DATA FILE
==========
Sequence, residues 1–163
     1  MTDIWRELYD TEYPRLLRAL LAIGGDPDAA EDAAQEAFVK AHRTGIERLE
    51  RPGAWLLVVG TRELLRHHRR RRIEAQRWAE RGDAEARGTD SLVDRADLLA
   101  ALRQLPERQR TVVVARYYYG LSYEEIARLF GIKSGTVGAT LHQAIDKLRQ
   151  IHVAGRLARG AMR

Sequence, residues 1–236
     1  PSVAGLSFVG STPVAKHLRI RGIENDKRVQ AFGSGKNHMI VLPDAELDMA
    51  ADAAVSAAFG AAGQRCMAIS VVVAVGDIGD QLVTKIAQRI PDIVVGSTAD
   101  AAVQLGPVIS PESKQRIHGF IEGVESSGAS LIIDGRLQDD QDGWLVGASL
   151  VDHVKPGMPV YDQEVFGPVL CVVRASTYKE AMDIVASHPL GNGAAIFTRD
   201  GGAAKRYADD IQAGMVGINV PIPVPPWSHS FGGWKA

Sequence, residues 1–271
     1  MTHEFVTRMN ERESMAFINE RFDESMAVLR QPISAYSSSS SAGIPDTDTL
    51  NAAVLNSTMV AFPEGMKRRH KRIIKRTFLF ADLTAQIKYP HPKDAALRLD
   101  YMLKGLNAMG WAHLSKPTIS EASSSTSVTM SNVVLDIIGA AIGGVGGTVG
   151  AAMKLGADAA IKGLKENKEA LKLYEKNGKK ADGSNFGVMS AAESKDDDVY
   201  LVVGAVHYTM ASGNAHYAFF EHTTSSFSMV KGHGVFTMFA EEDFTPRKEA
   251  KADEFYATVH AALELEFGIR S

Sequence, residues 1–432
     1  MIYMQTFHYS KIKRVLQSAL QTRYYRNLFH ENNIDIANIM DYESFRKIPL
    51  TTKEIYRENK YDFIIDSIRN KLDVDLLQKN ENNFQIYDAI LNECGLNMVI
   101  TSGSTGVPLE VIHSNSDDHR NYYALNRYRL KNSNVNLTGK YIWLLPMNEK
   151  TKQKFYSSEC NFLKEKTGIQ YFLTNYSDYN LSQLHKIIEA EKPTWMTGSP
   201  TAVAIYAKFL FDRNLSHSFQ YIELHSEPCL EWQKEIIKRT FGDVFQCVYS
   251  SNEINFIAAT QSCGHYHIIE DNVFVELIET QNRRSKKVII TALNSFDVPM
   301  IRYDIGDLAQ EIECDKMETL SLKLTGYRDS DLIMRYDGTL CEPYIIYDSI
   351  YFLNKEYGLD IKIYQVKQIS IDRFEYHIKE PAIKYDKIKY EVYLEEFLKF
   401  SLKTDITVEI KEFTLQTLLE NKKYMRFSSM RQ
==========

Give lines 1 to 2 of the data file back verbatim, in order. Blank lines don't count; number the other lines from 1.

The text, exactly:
Sequence, residues 1–163
     1  MTDIWRELYD TEYPRLLRAL LAIGGDPDAA EDAAQEAFVK AHRTGIERLE